ORLANDO, FLA. — Microsoft’s good friends over at Oracle released the new edition of Oracle CRM On Demand today — conspicuous timing, as Microsoft Convergence 2008 this week highlights Microsoft Dynamics CRM 4.0 and Dynamics CRM Live.

Oracle’s move drew some rolling eyes and chuckles from Microsoft partners here today. Most see Oracle trailing Microsoft in the race to catch atop the hosted CRM market.

“, that is really our only competition now,” said Linda Rose, founder and CEO of RoseASP in San Diego.

Ravi Agarwal, CEO of groupSPARK, a Microsoft hosting partner in Burlington, Mass., agreed. Hosted CRM targets SMBs, but Oracle is not strong with those customers, he said.

“It will take them time to figure out the market,” he said. will be reporting live from Convergence this week, with all the news on CRM, ERP and any other TLAs you can think of — until it gets to be TMI.

March 11, 2008  11:42 AM

Follow the mesh

badarrow Barbara Darrow Profile: badarrow

Life of BrianOld-time PC software players used to kid about Microsoft’s ability to create buzz.

 Whenever a competitor came out with something nifty, Microsoft would crank its code-name generator, priming the pump for a deluge of stories about how Microsoft ‘s newer technology, just around the corner, would kick everyone else’s stuff  to the curb.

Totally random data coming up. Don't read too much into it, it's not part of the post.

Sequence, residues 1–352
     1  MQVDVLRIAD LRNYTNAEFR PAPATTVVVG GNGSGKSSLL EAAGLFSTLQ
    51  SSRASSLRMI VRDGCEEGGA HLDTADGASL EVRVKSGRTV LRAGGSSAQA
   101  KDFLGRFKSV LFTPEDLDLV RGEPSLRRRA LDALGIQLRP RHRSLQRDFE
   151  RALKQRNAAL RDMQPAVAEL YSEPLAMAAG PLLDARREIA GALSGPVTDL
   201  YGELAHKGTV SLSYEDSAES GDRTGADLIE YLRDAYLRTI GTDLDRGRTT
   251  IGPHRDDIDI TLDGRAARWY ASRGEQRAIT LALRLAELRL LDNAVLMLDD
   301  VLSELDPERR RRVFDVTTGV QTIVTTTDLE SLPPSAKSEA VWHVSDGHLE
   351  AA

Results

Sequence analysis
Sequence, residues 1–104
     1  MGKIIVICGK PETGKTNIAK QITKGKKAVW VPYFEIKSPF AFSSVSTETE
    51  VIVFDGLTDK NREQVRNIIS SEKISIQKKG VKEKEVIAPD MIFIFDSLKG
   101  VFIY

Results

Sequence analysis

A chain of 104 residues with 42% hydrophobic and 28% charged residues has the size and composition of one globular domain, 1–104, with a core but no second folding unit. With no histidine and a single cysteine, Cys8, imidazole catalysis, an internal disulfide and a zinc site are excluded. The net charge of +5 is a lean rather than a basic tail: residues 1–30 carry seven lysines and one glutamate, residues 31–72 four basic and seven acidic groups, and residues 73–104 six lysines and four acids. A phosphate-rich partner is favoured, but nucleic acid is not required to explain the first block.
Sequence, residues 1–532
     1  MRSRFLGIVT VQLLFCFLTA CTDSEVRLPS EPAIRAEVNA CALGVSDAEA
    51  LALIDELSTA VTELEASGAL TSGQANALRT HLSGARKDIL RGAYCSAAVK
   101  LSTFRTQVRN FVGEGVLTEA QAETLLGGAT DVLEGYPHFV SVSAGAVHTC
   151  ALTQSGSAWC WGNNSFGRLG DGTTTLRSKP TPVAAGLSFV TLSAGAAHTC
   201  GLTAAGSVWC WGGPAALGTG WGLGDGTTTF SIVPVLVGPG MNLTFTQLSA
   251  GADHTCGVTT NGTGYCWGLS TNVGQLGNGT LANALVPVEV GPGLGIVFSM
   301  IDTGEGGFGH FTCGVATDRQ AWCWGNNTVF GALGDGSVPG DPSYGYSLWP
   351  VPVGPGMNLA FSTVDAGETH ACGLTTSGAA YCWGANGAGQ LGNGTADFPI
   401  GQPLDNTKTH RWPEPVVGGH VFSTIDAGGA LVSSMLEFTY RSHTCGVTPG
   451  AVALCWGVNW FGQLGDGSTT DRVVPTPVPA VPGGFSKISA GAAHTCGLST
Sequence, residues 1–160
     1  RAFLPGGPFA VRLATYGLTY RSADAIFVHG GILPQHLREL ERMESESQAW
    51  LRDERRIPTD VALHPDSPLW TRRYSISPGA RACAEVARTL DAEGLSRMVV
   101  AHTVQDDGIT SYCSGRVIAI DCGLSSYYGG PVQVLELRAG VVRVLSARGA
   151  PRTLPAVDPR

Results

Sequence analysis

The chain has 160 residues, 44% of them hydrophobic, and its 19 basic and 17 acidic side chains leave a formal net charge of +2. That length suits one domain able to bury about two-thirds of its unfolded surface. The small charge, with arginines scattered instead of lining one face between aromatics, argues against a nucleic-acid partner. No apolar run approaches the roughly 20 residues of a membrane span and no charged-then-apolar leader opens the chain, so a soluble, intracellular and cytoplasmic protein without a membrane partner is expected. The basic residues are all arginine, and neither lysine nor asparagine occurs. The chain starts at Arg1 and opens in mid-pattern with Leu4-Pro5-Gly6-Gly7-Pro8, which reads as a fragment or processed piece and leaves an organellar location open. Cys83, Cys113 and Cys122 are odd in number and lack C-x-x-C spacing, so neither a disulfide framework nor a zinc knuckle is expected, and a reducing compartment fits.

The more things change …. Last week at Mix 08, Ray Ozzie talked about “mesh” or “synchromesh” which connotes the concept of Web-connected devices and people. The term mesh—in the context of “the social mesh” or “device mesh” was used 14 times in his keynote. You can count it yourself on the keynote transcript here. (At least he refrained from the “S” word although tools guy Scott Guthrie broke out “super” a few times.)

“We need to think of the Web as a hub, the hub of our social experiences, our social mesh, the hub of our technology experiences, our device mesh,” said Ozzie. He admitted that this was not exactly new news. But he persisted in the mesh metaphor.

Money quote:

“Related to the device mesh, this first principle also recognizes that we’re living in a world where the number and diversity of devices is on the rise. From phones and PCs to smart TVs, DVRs, media centers, game consoles, digital picture frames, pocket media players, digital cameras and camcorders, recently, home servers, car entertainment and navigation systems — the list just goes on and on and on and it grows every CES. Until we believe that the quaint concept that we’ve kind of grown up with of one PC, of my computer, will give way to the notion of a personal collection of connected devices brought together by the Web. At the principle level, we believe that the Web will be used across all our offerings as a hub to simplify your life in managing and using a world of devices. “


“Office Live will extend PC-based Office scenarios into the social mesh, expanding the classic notion of personal productivity into the realm of the interpersonal, again, through social mechanisms such as the linking, sharing, and tagging of documents.”

Voila: the Microsoft software-plus-services take on software-as-a-service.

It’s nice to hear the vision thing. But once again, it seems Microsoft is puffing out vapor.
More Microsoft mesh coverage here. And here.

The whole scenario reeks of the “follow the sandal, follow the gourd” scene out of The Life Of Brian. Monty Python fans will know what I mean. For the rest of you, hit Netflix, it’ll be worth it.

Barbara Darrow can be reached at